A Very Non-Special Christmas

A Very Non-Special Christmas

What to do with those kids for Christmas? A decorating project? A party? A pageant? Or might the best of all Christmas ideas sound the least impressive?

A few weeks ago I was asked if I had any good Children’s ministry ideas for Christmas. Could I post some gospel-centered projects or activities that would work with the season? It was a fair enough request. I’d just posted something like that for Thanksgiving. But for Christmas I had nothing. I had no creative ideas at all to share.

Actually, there are plenty of things my Sunday school classes have done for Christmas. I remember one year we made ornaments to represent blessings we have in Christ. Another time we went through the first two chapters of Luke and pulled out a dozen or more words and phrases used to describe the coming Savior that we wrote on a poster with a picture of an angel. Yet another time my students made lists of all the friends and extended family members they expected to see for Christmas, and we prayed for each of them.

At home with my family, too, we’ve done special things for Christmas. One year everyone helped choose a way to help someone needy. Another time I made a point of having us sing 25 different carols, one on each December day through Christmas.

So I guess I do have ideas. I just didn’t think they were special enough to share. They don’t sound like what most people think of as great Christmas ministry ideas. After all, in class we pray and study the Bible and talk about our blessings in Christ every week. My ideas were nothing but a Christmas spin on some very normal stuff. And at home my hope is that we share with others and praise God as a matter of course, not just at Christmas.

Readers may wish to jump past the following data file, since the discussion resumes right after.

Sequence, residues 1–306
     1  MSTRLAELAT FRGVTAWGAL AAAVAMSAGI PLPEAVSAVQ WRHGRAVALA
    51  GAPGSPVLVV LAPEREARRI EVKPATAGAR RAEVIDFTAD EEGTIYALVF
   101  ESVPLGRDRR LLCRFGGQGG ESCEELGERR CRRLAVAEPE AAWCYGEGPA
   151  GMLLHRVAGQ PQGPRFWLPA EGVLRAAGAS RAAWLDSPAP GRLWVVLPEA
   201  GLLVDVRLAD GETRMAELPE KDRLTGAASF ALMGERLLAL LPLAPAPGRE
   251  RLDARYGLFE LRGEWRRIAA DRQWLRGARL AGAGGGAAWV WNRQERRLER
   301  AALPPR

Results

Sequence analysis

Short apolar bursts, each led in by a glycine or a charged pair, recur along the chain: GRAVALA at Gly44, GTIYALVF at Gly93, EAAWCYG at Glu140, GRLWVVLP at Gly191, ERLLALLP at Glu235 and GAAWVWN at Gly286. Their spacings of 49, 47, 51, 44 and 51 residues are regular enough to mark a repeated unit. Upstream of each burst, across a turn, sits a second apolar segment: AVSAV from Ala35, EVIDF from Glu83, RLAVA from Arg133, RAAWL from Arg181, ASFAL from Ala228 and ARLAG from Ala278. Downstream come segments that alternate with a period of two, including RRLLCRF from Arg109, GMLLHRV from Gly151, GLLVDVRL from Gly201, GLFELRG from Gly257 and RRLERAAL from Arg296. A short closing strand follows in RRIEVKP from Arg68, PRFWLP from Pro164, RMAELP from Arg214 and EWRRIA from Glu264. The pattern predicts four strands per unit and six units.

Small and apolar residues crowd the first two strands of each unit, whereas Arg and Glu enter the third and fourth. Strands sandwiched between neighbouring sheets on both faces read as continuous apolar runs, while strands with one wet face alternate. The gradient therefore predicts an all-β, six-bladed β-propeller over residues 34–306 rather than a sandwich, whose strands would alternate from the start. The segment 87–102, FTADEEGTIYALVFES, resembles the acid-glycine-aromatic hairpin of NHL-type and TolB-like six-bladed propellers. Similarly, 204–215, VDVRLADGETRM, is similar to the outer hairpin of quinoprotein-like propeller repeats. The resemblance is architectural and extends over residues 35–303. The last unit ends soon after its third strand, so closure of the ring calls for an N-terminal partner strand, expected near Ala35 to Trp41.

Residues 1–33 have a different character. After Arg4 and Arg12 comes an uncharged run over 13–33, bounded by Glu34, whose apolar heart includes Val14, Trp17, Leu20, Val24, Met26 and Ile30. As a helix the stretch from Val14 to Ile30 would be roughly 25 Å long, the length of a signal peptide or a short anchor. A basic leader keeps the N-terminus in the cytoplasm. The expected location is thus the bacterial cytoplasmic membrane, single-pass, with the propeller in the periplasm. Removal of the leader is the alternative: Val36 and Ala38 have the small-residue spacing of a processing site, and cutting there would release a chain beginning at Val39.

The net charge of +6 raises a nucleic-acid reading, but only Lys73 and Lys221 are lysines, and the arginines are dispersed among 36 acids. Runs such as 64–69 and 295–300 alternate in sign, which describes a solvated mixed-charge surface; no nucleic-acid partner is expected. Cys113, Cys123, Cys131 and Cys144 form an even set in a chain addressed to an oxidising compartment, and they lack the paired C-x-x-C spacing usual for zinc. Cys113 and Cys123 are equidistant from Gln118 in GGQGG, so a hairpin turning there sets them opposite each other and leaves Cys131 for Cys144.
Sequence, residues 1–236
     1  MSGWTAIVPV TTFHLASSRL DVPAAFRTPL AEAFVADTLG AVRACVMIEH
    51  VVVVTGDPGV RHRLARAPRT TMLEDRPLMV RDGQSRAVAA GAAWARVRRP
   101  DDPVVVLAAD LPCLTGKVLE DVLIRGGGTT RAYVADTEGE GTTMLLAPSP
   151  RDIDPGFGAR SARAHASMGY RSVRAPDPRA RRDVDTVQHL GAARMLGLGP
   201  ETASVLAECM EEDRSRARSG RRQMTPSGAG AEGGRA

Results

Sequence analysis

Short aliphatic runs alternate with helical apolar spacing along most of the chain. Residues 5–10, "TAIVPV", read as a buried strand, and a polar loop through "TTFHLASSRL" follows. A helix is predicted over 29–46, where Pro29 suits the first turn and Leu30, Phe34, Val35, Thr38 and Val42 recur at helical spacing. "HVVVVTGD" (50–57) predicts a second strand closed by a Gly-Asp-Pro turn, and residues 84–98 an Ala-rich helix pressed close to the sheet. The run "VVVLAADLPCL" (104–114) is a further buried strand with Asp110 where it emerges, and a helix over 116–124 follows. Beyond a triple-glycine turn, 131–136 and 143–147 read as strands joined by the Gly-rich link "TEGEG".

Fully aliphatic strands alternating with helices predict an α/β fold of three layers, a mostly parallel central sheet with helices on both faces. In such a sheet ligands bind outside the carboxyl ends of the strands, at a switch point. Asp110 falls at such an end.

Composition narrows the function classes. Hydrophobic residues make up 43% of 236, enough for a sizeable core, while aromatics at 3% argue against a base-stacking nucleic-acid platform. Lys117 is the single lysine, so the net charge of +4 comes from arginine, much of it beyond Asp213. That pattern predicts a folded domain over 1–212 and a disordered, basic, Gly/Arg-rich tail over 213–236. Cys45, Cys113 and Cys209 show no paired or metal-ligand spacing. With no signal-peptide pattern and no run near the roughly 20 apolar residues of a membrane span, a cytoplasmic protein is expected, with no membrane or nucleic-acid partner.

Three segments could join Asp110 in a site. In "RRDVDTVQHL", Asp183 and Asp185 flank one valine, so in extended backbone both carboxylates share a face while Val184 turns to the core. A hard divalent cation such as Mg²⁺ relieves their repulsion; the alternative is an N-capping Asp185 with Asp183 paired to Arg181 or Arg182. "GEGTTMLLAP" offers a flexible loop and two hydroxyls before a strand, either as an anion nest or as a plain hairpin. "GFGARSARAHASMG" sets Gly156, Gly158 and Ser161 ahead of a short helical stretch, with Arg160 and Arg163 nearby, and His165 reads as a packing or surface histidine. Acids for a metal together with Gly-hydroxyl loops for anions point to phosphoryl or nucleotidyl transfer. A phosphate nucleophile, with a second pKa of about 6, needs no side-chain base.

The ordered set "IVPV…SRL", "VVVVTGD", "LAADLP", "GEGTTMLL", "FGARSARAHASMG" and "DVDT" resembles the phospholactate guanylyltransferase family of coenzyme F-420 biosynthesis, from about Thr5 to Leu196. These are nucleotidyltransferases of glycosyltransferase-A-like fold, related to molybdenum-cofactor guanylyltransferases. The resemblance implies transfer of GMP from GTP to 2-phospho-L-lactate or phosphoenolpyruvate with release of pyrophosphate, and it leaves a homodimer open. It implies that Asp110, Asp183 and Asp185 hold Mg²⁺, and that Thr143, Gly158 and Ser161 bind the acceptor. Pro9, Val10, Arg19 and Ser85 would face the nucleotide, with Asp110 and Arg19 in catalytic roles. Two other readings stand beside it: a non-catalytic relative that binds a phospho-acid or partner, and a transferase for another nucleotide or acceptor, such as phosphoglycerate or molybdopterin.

I finally decided that what I want to say is this: Coming up with Christmas ideas is pretty easy. The hard stuff is everyday ministry—teaching faithfully, praying humbly, singing joyfully, sharing generously, comforting the sad, challenging the sinful, and telling the gospel to those kids all the time. As long as our Christmas activities encourage us to keep doing that, they’re great ideas. But we all know that sometimes very good Christmas programs distract us from even better, ordinary ministry. They supplant what is most blessed and joyous of all.

To say so makes me feel like a Scrooge. In fact, I like Christmas. It’s fun and cheery, friendly and pretty. I appreciate too how the holiday can get us engaged in spiritual matters. A lot of Christmas activities are fantastic opportunities to think and to tell about Jesus, and I’m all for that. I also love how a desire to do something special for Advent gets many families started praying and reading the Bible together—an excellent habit they continue even after Christmas. I get all that.

So let’s keep coming up with those Christmas ideas. But let’s also remember, as we do, that a great Christmas project doesn’t automatically make for great ministry. A rip-roarin’ Christmas extravaganza is not always our friend.


Thoughts? Please share or comment below. I love feedback and discussion—it’s how we learn from each other! (Pick any name you like, and no one but me will see your email address—and I won’t use it, I promise)

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